Katie Wilson-Milne: Yeah.
Steve Schindler: In the context of cases that have been pending in court now for almost a decade, that’s not an awful lot.
Katie Wilson-Milne: No, it’s not. And it’s not, you know, some of these copyright infringement cases can bring huge and substantial damages, including attorney’s fees. Now, there’s a couple of wrinkles in this case. I suspect that these works, these Instagram photographs, had not been registered with the Copyright Office prior to the infringement occurring, which limits some of the damages available, including attorney’s fees and heightened statutory damages.
Steve Schindler: Yeah, I think the thing about these cases, and I remember when the cases were filed, thinking there was even less done to these images than Richard Prince did, even in the Cariou images that were too close to call.
Katie Wilson-Milne: There was literally nothing done to the images.
Steve Schindler: It was just a nonsensical comment that was posted below the image. And so they basically took someone else’s photograph, blew it up and sold it for, or is asking $90,000 a piece. And so there’s no issue of substantial similarity. I mean, they’re the same. You know, the argument pre-Warhol had been, you know, also in the spirit of Cariou, which is that, “oh, Richard Prince recontextualized these.”
Katie Wilson-Milne: Right, new meaning and message.
Steve Schindler: New meaning and message. He took just random photographs off, you know, Instagram. And then because he is Richard Prince and he blew it up and he put it in the gallery, that is the new meaning and message. And that’s exactly what was repudiated in Warhol.
Katie Wilson-Milne: Right. And as we’ve said on the podcast, one of the real problems with that is, if all it takes to have a new meaning and message is that you’re famous and people like it because now Richard Prince is behind it, that can’t be an out to copyright infringement. That can’t be the standard. And that, I think, under Cariou, I don’t think Prince had a ridiculous argument in the Instagram cases. You know, if Cariou was still sort of the only precedent in the Second Circuit, then we’re looking at new meaning and message and sort of how the art world and art consumers interpret something. Of course they’re going to interpret it differently if it’s a famous artist with a $100,000 price tag. So the world of fair use analysis did sort of shift over the course of these cases.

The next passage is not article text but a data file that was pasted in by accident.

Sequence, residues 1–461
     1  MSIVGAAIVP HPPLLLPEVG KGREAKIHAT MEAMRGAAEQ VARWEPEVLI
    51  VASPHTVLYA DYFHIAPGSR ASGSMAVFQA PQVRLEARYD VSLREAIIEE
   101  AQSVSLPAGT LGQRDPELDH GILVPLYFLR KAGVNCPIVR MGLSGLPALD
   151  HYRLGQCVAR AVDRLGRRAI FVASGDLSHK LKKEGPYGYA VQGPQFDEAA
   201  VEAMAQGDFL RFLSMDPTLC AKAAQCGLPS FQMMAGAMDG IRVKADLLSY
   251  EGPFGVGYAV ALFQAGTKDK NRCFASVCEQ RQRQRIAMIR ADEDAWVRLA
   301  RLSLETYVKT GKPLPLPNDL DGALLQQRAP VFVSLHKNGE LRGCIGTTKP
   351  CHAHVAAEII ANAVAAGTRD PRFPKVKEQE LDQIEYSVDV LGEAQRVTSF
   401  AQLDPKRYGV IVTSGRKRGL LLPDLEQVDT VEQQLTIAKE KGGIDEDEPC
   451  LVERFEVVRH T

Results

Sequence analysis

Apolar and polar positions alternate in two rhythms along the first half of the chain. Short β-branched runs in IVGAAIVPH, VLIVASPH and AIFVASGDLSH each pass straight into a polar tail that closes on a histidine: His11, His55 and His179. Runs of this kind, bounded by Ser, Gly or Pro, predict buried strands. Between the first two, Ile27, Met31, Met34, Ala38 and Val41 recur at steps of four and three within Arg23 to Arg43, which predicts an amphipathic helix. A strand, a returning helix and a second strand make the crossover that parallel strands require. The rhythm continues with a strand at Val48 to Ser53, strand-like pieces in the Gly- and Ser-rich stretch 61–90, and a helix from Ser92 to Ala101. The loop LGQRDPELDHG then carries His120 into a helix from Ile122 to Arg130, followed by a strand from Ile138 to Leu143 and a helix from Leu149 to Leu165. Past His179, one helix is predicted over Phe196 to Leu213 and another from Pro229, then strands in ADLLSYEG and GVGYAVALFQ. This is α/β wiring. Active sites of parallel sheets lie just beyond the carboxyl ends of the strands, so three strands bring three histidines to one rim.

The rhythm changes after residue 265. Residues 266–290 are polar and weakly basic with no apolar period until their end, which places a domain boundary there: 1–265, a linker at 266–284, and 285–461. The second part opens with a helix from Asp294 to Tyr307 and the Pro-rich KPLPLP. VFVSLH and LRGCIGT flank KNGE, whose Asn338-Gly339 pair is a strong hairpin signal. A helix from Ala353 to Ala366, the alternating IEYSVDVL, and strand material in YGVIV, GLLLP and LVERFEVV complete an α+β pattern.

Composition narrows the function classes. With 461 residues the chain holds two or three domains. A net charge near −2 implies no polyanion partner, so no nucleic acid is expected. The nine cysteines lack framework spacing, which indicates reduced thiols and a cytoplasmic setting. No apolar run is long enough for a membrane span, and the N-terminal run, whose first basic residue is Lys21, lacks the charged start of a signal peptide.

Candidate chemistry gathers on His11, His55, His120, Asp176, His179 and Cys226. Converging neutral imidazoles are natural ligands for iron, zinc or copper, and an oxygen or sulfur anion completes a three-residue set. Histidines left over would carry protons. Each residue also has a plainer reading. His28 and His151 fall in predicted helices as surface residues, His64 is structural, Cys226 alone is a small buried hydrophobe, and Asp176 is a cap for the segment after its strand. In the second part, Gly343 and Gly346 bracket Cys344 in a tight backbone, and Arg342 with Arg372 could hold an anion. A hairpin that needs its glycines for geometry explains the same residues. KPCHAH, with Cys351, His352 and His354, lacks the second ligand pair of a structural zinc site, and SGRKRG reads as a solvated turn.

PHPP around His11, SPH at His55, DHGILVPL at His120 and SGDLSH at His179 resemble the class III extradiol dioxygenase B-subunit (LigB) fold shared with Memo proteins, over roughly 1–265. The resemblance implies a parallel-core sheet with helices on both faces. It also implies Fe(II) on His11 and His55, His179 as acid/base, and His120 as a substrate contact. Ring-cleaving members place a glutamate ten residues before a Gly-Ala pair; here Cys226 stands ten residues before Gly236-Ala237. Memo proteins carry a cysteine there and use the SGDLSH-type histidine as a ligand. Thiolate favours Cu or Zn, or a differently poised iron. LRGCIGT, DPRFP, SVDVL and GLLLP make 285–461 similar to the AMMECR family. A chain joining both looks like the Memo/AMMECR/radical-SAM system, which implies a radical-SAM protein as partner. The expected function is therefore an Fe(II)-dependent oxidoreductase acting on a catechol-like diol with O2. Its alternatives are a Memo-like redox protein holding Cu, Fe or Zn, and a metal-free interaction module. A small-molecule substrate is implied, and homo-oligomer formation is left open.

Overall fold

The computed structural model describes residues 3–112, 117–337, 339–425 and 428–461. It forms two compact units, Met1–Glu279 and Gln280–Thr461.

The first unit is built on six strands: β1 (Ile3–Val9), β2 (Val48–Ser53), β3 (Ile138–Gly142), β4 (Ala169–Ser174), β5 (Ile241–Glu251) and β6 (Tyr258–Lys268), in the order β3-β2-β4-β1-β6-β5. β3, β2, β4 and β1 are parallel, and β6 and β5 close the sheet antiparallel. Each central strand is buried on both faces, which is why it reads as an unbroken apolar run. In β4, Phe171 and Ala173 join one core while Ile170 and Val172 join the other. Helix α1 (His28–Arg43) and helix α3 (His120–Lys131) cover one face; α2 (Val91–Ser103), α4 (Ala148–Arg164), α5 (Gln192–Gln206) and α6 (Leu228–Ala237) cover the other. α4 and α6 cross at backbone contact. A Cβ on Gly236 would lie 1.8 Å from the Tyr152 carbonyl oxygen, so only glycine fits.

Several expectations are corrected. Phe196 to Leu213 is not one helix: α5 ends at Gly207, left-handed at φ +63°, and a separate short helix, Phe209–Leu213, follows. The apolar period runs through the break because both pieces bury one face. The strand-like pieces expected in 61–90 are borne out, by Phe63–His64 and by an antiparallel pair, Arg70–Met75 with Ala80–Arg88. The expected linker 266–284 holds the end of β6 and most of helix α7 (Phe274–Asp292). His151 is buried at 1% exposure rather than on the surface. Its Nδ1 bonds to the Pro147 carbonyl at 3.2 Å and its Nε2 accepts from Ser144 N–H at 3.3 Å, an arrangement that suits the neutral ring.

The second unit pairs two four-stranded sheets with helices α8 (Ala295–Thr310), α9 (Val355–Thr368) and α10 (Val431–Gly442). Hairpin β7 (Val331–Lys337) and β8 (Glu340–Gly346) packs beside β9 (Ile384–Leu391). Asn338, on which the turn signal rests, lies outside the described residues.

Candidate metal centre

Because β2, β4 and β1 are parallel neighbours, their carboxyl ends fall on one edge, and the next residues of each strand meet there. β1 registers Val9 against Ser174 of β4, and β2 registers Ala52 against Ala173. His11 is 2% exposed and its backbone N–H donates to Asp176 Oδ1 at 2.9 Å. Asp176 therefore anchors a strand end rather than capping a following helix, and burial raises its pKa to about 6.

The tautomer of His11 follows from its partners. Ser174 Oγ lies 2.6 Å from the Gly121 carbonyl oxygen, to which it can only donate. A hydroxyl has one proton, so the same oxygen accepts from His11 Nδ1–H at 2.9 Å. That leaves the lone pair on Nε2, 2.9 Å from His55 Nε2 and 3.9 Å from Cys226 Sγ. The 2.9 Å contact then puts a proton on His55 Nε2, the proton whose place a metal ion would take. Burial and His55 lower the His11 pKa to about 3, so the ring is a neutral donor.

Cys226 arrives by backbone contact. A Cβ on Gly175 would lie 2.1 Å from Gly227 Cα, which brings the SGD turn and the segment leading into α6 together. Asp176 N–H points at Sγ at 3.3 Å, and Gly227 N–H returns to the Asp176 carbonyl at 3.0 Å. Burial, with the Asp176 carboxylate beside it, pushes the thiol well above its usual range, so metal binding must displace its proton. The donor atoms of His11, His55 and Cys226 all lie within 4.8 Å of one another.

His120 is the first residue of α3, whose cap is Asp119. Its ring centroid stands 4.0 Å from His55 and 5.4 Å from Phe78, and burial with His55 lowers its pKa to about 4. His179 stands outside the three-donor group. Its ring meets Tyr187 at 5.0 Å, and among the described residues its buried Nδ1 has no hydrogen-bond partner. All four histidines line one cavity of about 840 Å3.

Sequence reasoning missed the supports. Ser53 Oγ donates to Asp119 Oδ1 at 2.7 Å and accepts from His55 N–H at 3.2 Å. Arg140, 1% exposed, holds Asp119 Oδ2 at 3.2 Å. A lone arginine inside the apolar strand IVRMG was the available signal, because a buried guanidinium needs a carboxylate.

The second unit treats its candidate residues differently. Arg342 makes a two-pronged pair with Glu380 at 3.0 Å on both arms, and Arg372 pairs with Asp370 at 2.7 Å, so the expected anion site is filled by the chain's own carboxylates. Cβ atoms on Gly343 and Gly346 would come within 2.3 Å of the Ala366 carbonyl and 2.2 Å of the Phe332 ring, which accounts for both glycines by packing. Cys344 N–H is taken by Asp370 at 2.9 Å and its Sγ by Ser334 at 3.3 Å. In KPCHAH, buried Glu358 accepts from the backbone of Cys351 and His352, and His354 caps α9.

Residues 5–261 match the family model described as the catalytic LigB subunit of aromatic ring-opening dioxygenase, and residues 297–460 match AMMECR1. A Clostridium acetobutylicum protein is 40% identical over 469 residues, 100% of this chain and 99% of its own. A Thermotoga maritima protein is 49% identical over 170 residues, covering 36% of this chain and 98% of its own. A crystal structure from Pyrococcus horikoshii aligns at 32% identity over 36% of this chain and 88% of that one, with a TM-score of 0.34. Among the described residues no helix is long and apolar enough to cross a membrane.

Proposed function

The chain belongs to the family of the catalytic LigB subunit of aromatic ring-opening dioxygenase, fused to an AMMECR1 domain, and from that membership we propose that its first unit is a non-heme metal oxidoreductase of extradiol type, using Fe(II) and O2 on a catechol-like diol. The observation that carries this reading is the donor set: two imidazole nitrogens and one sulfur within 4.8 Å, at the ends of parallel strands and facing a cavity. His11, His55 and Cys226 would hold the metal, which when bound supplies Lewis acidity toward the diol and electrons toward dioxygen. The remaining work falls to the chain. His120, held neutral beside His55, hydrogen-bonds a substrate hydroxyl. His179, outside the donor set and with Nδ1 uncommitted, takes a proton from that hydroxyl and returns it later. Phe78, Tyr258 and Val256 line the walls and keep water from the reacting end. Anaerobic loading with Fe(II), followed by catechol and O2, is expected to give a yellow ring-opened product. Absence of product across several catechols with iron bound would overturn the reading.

Steve Schindler: Yeah.
Katie Wilson-Milne: The last update will be the longest one. In this case, which we’ve talked about before, is the Cassirer v. Thyssen-Bornemisza Collection Foundation case that went up and down in the federal court in California, eventually the Supreme Court, back to the Ninth Circuit over almost 20 years. And the story itself of the underlying people involved is painful, and then the litigation itself is also quite painful. So this was the case, if our listeners may remember, that we spoke about in some length in a prior episode. It involved a painting by Camille Pissarro called Rue Saint-Honore, Effect of Rain.
Steve Schindler: Well done.
Katie Wilson-Milne: I’ve been practicing my pronunciations all day. And this painting was owned by the Cassirer family in Germany in the early part of the 20th century. I actually believe it was purchased by that family in 1900.
Steve Schindler: By Paul Cassirer.
Katie Wilson-Milne: Paul Cassirer, who was an art dealer at the time. He had a storied collection. I mean, very well-respected, wealthy family, as many of the Jewish families we talk about in these Nazi-looted art cases are. And his daughter, Lilly Cassirer, whose then name changed when she got married to Lilly Neubauer, who inherited this painting from Paul in 1926, I think, when Paul passed away. And Lilly owns this painting. It’s a stunning painting in her home in Berlin until 1939. And we know what happens in the late 1930s, especially for wealthy Jews starting in Germany.